July Is Ending With a Rare Black Supermoon on Wednesday

ManuelHuss/iStock via Getty Images
ManuelHuss/iStock via Getty Images

The list of astronomical events for the month of July reads like something out of a horror story. On July 16, a half-blood thunder moon lit up night skies, and about a week later, a bright green fireball meteor was visible over New England. The month is closing out with its spookiest-sounding phenomenon yet: Wednesday, July 31, will feature a rare black supermoon, MSN reports.

What is a Black Supermoon?

The Farmer's Almanac is filled with special names used to describe moon phases at different times of year. According to the book, a black moon is the name given to the second new moon to occur in a calendar month—something that only happens about once every 2.5 years.

This month's black moon will be especially rare. When the Moon enters its new cycle on July 31, it will be at the closest point to Earth in its orbit. So in addition to being a black moon, Wednesday's new moon will meet the definition of a supermoon.

When Can You See the Black Supermoon?

Unlike past supermoon events, this upcoming black supermoon won't make for an impressive spectacle. A new moon occurs when the Moon falls between the Earth and the Sun. At this point in the lunar cycle, the Moon appears as a black, practically invisible silhouette in the night sky.

Even if you won't be able to see the Moon itself, you should still make time to look up on the night of Wednesday, July 31. A dark new moon creates the perfect viewing conditions for the multiple meteor showers that are active this time of year. To catch potential shooting stars when skies are darkest, wait until 11:12 p.m. EDT for the Moon to reach its full new moon phase.

[h/t MSN]

Rare Harvest ‘Micromoon’ Will Appear on Friday the 13th

pattier/iStock via Getty Images
pattier/iStock via Getty Images

The first Friday the 13th of 2019 is coming this September, coinciding with a spooky full moon—and that unlucky event will also be a harvest micromoon, Newsweek reports. Here's everything you need to know about the lunar spectacle.

What is a harvest micromoon?

Harvest moon describes the full moon that appears in September. You may have heard that the harvest moon is larger and deeper in color than full moons that appear at different times of the year, but this isn't the case. The name harvest moon has nothing to do with its size or appearance. Many people observe the harvest moon just as it surfaces above the horizon—the time when it looks biggest due to the moon illusion, and reddish or orange-y through the filter of Earth's atmosphere. But as the moon climbs higher in the sky throughout the night, these characteristics fade away—just as they would at any other time of year.

This year, the harvest moon will actually look smaller compared to other full moons. On Friday, September 13, the celestial body reaches its apogee, or the point in its orbit where it's farthest from Earth. It has been dubbed a micromoon, which is the opposite of a supermoon.

When to see the harvest micromoon

Besides its scaled-down appearance, Friday's moon won't look any different from a regular full moon. But its rare conjunction with Friday the 13th makes it an event that anyone with a superstitious side won't want to miss. The moon will achieve maximum fullness at 12:33 a.m. the morning of Saturday, September 14 in the Eastern time zone (earlier the further west you go), but it will appear full and bright the previous and following nights. To catch the mini-moon on the 13th, look up late Friday night in a place with minimal light pollution. And if you want the full harvest moon effect, look to the horizon just after moonrise at 7:33 p.m.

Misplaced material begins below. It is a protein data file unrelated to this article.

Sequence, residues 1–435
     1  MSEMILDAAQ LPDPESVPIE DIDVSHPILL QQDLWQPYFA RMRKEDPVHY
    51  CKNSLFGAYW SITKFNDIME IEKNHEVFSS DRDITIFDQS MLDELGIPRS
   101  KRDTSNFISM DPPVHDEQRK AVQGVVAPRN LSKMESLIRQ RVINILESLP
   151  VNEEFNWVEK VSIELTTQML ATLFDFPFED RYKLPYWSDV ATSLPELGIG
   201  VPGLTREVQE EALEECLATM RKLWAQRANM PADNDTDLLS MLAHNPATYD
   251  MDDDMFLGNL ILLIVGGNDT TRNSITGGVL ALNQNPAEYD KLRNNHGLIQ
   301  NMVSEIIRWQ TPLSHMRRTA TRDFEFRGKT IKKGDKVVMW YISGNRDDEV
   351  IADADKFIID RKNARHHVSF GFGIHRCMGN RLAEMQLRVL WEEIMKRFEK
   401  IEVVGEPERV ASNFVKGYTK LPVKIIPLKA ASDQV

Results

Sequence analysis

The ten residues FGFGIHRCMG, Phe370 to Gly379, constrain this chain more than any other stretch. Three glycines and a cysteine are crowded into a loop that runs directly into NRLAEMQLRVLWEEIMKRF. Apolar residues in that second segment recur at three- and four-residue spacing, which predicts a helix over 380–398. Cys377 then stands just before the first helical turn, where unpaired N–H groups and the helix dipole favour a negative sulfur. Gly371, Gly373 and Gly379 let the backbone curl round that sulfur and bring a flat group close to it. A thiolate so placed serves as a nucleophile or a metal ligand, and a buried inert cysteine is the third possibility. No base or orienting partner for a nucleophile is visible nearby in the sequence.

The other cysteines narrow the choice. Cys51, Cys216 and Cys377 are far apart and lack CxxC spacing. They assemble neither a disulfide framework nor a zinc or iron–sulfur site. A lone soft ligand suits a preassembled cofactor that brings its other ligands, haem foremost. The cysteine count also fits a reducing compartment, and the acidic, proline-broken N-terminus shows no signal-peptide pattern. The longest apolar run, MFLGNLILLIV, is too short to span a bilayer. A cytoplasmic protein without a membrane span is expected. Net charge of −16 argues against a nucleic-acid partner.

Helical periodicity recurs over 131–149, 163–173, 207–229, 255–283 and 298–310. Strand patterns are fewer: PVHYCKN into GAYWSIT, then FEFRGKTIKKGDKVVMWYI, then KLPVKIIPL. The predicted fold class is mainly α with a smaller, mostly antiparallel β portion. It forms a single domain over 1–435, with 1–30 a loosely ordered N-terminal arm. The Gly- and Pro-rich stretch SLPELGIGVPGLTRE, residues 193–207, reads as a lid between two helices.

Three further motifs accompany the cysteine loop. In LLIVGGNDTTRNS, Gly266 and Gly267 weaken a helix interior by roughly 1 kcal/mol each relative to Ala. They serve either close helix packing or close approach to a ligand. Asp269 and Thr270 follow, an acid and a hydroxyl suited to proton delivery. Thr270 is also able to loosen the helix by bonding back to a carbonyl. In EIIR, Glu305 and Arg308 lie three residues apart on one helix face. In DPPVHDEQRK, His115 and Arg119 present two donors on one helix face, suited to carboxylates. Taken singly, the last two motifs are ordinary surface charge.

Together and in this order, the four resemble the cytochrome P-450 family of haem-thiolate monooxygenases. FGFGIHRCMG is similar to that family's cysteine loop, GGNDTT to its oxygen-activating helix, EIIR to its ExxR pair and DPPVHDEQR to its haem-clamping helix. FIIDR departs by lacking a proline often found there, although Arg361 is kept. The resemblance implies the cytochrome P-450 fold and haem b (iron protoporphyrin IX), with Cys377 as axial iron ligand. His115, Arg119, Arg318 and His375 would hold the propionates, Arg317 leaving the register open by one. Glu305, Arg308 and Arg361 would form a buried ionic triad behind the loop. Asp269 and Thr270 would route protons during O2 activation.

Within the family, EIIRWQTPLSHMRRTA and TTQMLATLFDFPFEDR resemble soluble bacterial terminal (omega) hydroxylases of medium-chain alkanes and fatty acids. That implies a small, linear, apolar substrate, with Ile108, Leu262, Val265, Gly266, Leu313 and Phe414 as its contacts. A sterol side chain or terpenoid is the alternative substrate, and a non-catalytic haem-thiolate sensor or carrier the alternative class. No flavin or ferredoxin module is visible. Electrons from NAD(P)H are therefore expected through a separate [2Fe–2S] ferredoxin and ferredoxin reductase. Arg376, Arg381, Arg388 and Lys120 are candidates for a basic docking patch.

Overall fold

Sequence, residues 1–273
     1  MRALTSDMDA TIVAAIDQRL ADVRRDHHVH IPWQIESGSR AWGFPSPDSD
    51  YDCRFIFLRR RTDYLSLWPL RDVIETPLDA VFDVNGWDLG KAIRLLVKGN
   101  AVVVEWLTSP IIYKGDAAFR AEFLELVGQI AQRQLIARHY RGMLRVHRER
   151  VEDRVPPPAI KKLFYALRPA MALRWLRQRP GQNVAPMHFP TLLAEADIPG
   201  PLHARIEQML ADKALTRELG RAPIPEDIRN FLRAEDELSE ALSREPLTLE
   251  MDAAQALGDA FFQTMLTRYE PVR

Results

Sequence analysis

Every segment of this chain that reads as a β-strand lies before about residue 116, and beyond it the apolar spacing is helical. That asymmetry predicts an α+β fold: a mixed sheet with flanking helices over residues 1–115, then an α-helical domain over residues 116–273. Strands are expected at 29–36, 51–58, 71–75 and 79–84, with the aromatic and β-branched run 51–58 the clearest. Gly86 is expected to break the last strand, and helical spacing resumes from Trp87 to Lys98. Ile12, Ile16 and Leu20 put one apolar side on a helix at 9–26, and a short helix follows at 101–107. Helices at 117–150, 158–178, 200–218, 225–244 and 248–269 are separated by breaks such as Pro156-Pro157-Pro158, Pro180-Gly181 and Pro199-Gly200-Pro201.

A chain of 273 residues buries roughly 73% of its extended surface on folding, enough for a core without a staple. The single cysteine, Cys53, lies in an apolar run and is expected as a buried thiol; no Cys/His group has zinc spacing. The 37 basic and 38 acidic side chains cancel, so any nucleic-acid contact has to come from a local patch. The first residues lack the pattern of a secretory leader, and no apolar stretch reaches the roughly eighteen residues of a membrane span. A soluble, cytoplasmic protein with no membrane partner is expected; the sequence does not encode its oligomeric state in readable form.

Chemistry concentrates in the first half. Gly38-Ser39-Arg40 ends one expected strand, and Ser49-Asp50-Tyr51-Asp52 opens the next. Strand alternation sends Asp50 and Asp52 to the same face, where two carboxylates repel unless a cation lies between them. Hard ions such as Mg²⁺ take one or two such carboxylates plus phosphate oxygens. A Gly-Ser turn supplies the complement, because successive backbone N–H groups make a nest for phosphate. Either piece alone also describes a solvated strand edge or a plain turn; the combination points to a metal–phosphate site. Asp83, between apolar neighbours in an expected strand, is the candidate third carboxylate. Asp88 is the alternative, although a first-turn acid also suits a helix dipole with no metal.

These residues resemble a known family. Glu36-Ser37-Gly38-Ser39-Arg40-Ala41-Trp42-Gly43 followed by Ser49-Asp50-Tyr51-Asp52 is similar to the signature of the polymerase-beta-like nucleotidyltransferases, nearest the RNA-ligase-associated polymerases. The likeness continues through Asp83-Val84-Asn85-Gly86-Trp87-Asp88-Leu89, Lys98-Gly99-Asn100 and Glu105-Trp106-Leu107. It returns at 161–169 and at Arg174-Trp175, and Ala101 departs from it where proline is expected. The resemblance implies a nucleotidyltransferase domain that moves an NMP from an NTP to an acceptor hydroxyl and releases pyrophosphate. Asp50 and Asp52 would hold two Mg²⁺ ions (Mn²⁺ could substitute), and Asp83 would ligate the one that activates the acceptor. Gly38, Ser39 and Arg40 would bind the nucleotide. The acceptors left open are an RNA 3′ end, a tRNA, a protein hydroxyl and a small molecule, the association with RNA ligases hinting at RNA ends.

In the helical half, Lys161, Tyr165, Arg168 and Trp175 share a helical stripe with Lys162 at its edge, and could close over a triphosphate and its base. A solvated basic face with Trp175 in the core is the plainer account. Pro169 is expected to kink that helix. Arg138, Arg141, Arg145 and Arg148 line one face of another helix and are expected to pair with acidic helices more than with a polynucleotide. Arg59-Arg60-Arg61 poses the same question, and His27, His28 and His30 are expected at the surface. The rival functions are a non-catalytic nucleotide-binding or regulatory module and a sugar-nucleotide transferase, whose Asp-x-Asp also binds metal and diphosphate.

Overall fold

[h/t Newsweek]

Northern Lights Could Be Visible Over Parts of America This Weekend

Wiltser/iStock via Getty Images
Wiltser/iStock via Getty Images

After giving us some of the best meteor showers and moon events of the year, August is closing with its greatest spectacle yet. As Forbes reports, the northern lights will be visible over several northern U.S. states in the lower 48 this weekend, including Maine, Wisconsin, and Michigan.

What causes the northern lights

The National Oceanic and Atmospheric Administration (NOAA) forecasts G1 and G2 geomagnetic storms for August 31 and September 1, 2019. The aurora borealis is caused by solar particles colliding with gas molecules in the atmosphere. As electrons from the sun come in contact with oxygen and nitrogen, they transfer some of their energy to the gases. The colorful ribbons of light we observe from the ground are these molecules calming down and releasing photons into the sky.

Normally the phenomenon is only visible at northernmost latitudes where the Earth's magnetic field, and therefore levels of solar energy, are strongest. But the upcoming geomagnetic storm is expected to hit the Earth with a concentrated dose of solar particles, potentially causing the northern lights to appear farther south than usual.

Where and when to see the northern lights

The first solar storm of the weekend is predicted for Saturday, August 31, and the second is expected to reach Earth on Sunday. If these forecasts are correct, states spanning the U.S.-Canada border are in for a treat. Washington, Idaho, Montana, North Dakota, South Dakota, Minnesota, Wisconsin, Michigan, and Maine all fall within the light show's projected path.

As is the case with any nighttime spectacle, the best time to catch the northern lights is when skies are darkest. That means waiting until late at night or early in the morning to look up, and finding a spot that isn't washed out by light pollution is key. Luckily, the solar storms are following the super new moon on August 30, so skies will be especially dark this weekend.

[h/t Forbes]

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